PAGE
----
American Zen teacher Charlotte Joko Beck speaks of the necessity to let go of the breath in Everyday Zen (1997) thus, p162:
      " following the breath, it is best not to try to control it (control is dualistic, me controlling something separate from myself), but just to experience the breath as it is: if it is tight, experience tightness; if it is rapid, experience that; if it is high in the chest, experience that. When the experiencing is steady, the breath will gradually become slow, long, and deep. If attachment to thoughts has markedly diminished, the body and breath will eventually relax and the breath will smooth out."
      Japanese Soto Zen teacher Shunryu Suzuki illustrates the same idea in Zen Mind, Beginner's Mind (1995), but in a different way thus, p29:
      "The air comes in and goes out like someone passing through a swinging door. If you think, "I breathe," the " I " is extra. There is no you to say " I . " What we call " I " is just a swinging door which moves when we inhale and when we exhale. It just moves; that is all. When your mind is pure and calm enough to follow this movement, there is nothing: no " I , " no world, no mind nor body; just a swinging door. So when we practice zazen [seated mindfulness meditation], all that exists is the movement of the breathing, but we are aware of this movement. You should not be absent-minded. But to be aware of the movement does not mean to be aware of your small self, but rather of your universal nature, or Buddha nature. This kind of awareness is very important, because we are usually so one-sided."
       Joko Beck adds in Nothing Special - Living Zen (1995), p249:
      "...what we want is to let the breath be the boss, so that the breath is breathing us."
      As this process goes on, one continues to notice any thoughts arising and does not engage them - instead one merely continues to be aware of the breath and allows thoughts to move on in their own time, to the point whereby the spaces between thoughts can widen enough to allow through true peace and tranquility - trusting one's awareness to reflexively notice what is important, as Mark Williams points out in Mindfulness, p11:
      "Mindfulness meditation teaches you to recognise memories and damaging thoughts as they arise. It reminds you that they are memories. They are like propaganda, they are not real . They are not you. You can learn to observe negative thoughts as they arise, let them stay a while and then simply watch them evaporate before your eyes. And when this occurs, an extraordinary thing can happen: a profound sense of happiness and peace fills the void. Mindfulness meditation does this by harnessing an alternative way in which our minds can relate to the world. Most of us know only the analytical side of the mind; the process of thinking, judging, planning and trawling through past memories while searching for solutions. But the mind is also aware. We do not just think about things, we are also aware that we are thinking. And we don’t need language to stand as an intermediary between us and the world; we can also experience it directly through our senses."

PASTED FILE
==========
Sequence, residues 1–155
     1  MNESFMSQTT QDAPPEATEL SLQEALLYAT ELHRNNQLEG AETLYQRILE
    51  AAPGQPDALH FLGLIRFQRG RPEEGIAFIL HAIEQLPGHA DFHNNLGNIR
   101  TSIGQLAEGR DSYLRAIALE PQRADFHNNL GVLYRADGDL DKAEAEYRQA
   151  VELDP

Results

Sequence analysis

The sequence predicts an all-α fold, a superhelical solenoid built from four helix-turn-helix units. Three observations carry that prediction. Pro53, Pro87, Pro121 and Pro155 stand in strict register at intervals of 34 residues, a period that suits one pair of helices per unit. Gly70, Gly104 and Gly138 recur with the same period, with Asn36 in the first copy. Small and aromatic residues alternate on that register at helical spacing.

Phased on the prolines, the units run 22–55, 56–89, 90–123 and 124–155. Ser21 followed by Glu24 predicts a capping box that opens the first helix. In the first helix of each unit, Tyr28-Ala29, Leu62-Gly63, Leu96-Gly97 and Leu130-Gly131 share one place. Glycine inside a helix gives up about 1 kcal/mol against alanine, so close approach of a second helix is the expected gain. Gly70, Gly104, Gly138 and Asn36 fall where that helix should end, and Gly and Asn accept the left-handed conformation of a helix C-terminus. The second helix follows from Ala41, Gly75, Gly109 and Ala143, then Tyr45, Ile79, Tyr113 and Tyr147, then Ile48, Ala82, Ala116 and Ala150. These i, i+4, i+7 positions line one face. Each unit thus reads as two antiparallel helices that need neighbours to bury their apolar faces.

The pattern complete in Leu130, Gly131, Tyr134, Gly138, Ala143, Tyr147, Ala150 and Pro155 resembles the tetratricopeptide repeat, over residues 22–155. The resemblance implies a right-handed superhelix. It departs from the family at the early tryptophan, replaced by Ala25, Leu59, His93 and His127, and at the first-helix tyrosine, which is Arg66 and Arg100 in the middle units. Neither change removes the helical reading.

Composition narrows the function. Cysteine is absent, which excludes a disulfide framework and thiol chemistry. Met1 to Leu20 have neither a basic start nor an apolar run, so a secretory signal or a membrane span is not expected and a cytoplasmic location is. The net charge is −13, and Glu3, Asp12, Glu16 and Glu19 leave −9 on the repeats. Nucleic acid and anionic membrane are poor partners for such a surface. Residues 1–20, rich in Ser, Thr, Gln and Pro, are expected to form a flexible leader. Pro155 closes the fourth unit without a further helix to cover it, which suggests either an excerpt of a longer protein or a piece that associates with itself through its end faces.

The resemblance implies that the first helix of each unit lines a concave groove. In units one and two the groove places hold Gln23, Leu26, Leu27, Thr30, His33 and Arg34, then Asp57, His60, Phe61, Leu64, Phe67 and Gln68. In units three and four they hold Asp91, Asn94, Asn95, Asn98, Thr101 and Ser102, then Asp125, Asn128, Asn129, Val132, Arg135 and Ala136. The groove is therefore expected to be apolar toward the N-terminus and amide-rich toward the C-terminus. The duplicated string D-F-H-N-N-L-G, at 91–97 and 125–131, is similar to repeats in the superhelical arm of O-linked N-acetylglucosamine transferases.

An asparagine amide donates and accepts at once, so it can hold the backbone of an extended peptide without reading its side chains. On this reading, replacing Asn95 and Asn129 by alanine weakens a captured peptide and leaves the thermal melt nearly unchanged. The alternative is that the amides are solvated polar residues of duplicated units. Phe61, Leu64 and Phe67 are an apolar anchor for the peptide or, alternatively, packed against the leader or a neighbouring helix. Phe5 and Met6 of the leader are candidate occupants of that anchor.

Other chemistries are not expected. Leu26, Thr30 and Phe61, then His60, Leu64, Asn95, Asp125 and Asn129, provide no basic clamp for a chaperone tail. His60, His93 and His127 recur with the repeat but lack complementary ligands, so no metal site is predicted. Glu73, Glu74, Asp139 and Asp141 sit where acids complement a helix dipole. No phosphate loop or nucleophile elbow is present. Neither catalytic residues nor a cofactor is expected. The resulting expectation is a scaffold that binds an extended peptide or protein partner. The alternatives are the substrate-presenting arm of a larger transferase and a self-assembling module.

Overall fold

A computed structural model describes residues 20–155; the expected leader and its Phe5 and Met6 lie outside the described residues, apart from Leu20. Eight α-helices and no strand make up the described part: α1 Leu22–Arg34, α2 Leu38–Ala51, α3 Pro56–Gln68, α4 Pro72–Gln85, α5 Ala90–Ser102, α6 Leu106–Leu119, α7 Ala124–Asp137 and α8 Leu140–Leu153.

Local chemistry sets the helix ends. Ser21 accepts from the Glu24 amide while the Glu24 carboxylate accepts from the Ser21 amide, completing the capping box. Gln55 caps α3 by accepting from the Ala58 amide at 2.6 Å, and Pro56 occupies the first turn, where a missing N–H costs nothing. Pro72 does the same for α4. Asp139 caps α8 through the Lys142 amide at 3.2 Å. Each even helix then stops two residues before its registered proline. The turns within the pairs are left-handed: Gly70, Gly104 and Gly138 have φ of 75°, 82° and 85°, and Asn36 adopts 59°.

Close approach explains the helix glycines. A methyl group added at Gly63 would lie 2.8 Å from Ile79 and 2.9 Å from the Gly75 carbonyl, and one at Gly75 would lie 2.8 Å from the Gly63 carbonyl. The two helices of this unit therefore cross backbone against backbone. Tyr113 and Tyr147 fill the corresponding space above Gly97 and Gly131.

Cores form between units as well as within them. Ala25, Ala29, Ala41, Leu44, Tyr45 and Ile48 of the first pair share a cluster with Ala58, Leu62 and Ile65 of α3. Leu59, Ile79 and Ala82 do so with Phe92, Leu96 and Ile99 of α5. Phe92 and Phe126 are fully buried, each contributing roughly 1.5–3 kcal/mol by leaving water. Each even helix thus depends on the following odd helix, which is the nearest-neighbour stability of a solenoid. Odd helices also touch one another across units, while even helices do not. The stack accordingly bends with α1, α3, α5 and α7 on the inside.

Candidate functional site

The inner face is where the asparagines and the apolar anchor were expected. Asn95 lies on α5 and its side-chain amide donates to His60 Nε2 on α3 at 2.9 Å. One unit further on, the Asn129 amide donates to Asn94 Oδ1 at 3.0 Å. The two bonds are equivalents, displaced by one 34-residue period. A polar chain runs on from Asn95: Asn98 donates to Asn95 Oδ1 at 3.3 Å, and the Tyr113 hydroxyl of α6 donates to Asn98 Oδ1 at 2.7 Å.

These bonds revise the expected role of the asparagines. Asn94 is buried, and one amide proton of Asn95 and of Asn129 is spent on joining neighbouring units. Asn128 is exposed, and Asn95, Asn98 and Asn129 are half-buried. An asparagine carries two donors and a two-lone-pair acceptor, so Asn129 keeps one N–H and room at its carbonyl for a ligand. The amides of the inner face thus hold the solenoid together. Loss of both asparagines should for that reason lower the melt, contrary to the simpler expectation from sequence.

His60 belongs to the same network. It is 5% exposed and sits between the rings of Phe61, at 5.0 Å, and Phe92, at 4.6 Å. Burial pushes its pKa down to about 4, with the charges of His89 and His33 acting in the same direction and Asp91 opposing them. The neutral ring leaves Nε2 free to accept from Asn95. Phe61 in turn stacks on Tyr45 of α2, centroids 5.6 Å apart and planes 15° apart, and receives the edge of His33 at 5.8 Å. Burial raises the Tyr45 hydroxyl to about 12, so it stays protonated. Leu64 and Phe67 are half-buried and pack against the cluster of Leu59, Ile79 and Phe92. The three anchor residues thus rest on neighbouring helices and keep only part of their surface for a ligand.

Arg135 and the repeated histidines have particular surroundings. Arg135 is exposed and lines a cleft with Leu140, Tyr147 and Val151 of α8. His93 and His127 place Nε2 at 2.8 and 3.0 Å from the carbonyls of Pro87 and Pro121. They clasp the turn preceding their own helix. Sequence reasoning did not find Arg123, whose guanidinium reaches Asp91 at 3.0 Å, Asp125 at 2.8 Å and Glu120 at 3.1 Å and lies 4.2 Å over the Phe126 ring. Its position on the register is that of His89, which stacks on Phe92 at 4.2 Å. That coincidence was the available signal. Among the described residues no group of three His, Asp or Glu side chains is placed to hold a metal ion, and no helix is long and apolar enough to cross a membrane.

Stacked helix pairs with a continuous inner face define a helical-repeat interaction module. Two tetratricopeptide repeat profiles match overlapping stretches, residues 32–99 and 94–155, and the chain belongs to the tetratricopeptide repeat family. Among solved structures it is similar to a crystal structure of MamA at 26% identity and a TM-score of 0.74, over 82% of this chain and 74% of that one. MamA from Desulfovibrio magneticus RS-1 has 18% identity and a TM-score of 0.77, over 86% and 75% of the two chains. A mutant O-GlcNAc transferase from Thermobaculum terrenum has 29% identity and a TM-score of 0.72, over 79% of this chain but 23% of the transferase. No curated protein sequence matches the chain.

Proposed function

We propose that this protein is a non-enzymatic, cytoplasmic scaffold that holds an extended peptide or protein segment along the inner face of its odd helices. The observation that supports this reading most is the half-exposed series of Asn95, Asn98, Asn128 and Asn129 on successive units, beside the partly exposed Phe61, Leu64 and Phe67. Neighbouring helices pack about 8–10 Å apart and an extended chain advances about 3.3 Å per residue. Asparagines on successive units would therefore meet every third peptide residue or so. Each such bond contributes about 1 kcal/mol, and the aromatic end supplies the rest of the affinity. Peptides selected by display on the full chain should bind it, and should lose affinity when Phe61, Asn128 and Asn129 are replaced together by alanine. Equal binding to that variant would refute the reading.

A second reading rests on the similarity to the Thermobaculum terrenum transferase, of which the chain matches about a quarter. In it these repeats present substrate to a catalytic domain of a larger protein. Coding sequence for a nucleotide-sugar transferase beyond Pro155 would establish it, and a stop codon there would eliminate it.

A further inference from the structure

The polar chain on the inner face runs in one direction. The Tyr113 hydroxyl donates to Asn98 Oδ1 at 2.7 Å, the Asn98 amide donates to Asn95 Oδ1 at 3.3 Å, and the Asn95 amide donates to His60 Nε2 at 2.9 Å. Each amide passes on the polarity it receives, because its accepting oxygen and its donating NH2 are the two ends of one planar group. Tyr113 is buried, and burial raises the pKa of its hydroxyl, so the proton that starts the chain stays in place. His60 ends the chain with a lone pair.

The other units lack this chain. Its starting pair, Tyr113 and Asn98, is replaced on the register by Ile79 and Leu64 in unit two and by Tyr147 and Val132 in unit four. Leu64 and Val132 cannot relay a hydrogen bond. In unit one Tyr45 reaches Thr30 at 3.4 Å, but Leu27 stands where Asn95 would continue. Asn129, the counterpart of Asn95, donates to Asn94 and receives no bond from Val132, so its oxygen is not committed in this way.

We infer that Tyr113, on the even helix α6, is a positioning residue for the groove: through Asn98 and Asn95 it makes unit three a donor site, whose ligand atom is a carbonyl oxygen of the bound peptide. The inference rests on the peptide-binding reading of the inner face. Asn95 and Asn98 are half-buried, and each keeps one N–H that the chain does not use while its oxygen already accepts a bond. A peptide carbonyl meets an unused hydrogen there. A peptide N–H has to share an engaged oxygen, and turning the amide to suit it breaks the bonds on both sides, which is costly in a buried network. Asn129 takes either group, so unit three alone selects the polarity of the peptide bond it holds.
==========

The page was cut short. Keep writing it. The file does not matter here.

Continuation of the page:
This very physical approach - beyond concepts and rooted in pure feeling, can allow one to experience everything as a kind of raw energy which, Thich Nhat Hanh writes in Anger - Wisdom for Cooling the Flames (2001), is akin to the compassionate energy present when holding a suffering baby in one's arms in order to comfort it, p68:
      "Mindfulness means to be present, to be aware of what is going on. This energy is very crucial for the practice. The energy of mindfulness is like a big brother, big sister, or a mother, holding the younger one in her arms, taking good care of the suffering baby, which is our anger, despair, or jealousy."
      This instictive caring component is in complete harmony with the reflexive breathing, and the fact that the breath is always present - to anchor and bring the mind back to a more balanced place - means that at every moment our bodies contain deep self-compassion whether we are aware of it or not, and therefore we always have a potential release from the idea of suffering built into us if we wish to witness it, as Kabat-Zinn states in Full Catastrophe Living, p49:
      "It is always here to be attended to, no matter what we are doing or feeling or experiencing, no matter where we are. Tuning in to it brings us right into the here and now. It immediately anchors our awareness in the body, in a fundamental, rhythmic, flowing life process."
      And, p56:
      "Giving the mind one thing to keep track of, namely the breath, to replace the whole range of things that it usually finds to preoccupy itself enhances our powers of concentration. Staying with the breath during meditation, no matter what, ultimately leads to deep experiences of calmness and awareness. It is as if the breath contains, folded into itself, a power that we can come to simply by following it as if it were a path. This power is uncovered when we systematically bring awareness to the breath and sustain it for extended periods. With it comes a growing sense of the breath as a dependable ally."